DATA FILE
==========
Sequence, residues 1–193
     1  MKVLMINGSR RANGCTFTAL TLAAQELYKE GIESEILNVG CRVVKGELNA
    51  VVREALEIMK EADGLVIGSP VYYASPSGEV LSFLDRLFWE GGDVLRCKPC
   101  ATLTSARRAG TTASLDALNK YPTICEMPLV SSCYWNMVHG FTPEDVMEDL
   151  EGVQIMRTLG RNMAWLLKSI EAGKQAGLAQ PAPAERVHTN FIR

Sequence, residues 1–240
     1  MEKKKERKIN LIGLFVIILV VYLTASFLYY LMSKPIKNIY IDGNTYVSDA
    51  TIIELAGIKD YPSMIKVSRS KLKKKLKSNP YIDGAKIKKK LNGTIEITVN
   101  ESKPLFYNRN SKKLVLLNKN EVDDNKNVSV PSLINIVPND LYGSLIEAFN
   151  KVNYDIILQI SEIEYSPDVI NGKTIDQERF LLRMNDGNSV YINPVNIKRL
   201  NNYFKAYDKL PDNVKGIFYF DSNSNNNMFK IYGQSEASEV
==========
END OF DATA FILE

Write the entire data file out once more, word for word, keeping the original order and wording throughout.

Sequence, residues 1–193
     1  MKVLMINGSR RANGCTFTAL TLAAQELYKE GIESEILNVG CRVVKGELNA
    51  VVREALEIMK EADGLVIGSP VYYASPSGEV LSFLDRLFWE GGDVLRCKPC
   101  ATLTSARRAG TTASLDALNK YPTICEMPLV SSCYWNMVHG FTPEDVMEDL
   151  EGVQIMRTLG RNMAWLLKSI EAGKQAGLAQ PAPAERVHTN FIR

Sequence, residues 1–240
     1  MEKKKERKIN LIGLFVIILV VYLTASFLYY LMSKPIKNIY IDGNTYVSDA
    51  TIIELAGIKD YPSMIKVSRS KLKKKLKSNP YIDGAKIKKK LNGTIEITVN
   101  ESKPLFYNRN SKKLVLLNKN EVDDNKNVSV PSLINIVPND LYGSLIEAFN
   151  KVNYDIILQI SEIEYSPDVI NGKTIDQERF LLRMNDGNSV YINPVNIKRL
   201  NNYFKAYDKL PDNVKGIFYF DSNSNNNMFK IYGQSEASEV